When Bush was inaugurated in 2000, conservatives championed him. Our man is in the White House, they gloated, and right-wing commentators would snap at the feet of his detractors like guard dogs. This loyalty did not taper off until after it was generally accepted that Bush had made a mess of Iraq, the economy, and our civil liberties.
Even in July 2007 when Bush's approval rating had dropped to an all-time low of 29 percent, Bill Kristol opened a Washington Post op-ed with, "I suppose I'll merely expose myself to harmless ridicule if I make the following assertion: George W. Bush's presidency will probably be a successful one."
Compare this to Kevin Baker's erudite critique of Obama's economic plan in last month's Harper's. Entitled Barack Hoover Obama: The Best and the Brightest Blow It Again, it concludes that Obama is "bound to fail. " And, as if to underscore Harper's fashionable cynicism, the cover shows a digitally disfigured Obama sporting Hoover-like jowls.
It's not that I object to critical thinking. We need it. We don't want to follow in the footsteps of Bush's flag-waving lemmings and walk with Obama over the cliff of an ill-conceived "change." Yet, while we're reminding Obama of his promises and scrutinizing him on his decisions, we need to stand with him.
The fact is, Obama had barely been sworn in before certain leftist bloggers and commentators began to bash him. It's as if they expected Obama to ram through a far left agenda in the same way that Bush rammed through a far right one.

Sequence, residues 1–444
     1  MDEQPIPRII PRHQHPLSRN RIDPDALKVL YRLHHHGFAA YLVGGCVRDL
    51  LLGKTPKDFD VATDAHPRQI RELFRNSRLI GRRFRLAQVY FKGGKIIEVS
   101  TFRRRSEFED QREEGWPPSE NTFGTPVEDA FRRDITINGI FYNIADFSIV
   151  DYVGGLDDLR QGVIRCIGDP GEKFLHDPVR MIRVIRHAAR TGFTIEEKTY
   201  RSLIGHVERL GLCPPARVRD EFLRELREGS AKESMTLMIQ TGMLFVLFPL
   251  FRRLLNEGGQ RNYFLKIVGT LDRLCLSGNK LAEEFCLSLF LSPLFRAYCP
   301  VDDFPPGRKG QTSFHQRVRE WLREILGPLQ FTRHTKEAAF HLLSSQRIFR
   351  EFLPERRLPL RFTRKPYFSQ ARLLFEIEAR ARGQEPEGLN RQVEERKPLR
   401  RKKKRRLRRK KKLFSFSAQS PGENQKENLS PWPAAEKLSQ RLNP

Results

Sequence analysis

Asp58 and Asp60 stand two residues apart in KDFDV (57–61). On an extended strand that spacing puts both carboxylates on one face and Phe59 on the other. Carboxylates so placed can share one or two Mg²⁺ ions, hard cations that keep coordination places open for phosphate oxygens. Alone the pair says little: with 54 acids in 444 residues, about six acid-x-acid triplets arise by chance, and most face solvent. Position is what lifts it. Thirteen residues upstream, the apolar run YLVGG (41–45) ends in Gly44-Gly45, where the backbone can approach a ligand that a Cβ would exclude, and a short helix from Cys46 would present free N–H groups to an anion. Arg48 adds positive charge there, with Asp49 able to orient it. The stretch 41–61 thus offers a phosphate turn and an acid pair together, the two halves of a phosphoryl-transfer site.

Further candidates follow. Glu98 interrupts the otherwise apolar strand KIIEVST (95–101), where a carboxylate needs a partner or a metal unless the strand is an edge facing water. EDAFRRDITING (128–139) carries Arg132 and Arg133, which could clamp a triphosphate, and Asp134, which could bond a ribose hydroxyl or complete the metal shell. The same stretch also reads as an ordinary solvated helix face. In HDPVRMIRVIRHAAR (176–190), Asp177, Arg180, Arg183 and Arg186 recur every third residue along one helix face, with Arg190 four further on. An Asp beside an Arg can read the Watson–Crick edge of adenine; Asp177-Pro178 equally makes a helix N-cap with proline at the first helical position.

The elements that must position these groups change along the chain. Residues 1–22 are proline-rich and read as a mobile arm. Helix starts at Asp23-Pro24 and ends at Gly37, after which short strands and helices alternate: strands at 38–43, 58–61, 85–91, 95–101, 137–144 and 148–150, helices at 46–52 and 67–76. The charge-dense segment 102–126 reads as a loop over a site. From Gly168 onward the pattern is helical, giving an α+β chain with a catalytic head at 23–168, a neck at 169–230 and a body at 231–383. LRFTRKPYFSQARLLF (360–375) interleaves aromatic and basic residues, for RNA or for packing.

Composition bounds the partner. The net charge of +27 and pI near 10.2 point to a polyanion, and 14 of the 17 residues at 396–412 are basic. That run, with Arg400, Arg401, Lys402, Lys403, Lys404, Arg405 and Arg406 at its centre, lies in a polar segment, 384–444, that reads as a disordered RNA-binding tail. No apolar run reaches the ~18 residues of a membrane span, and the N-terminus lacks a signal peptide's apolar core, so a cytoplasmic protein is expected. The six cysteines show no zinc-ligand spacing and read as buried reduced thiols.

Did progressives like it when he did that? No, it infuriated us. The backlash was one of the reasons why record numbers turned out to vote for Obama. But now it was our turn -- or so some thought.
Apparently they were not listening when Obama vowed to unify the country. Apparently some of them expected him to lie like Bush when he promised to work in a bipartisan way. And some must have thought it was just rhetoric when he spoke of "the audacity of hope."
The sad truth is that many of us are not hopeful. Despite our temporary elation when Obama became President, we haven't been able to shake our chronic pessimism and cynicism.
Whereas our analogues on the right used to effuse over how W. was doing a helluva job even as the country went to hell, we mutter or post disparaging comments about how Obama has let us down. Though he's accomplished some great things in his first seven months, none of it meets our unrealistically high expectations. What we don't get is that, under the circumstances, there's not much difference between being hypercritical and hypocritical.
I mean, could any of us do better? For decades, Massachusetts liberals worked for statewide universal health care and only recently succeeded to a limited degree. And yet some of us expect Obama to score a public health care system for the entire country without making any significant compromises.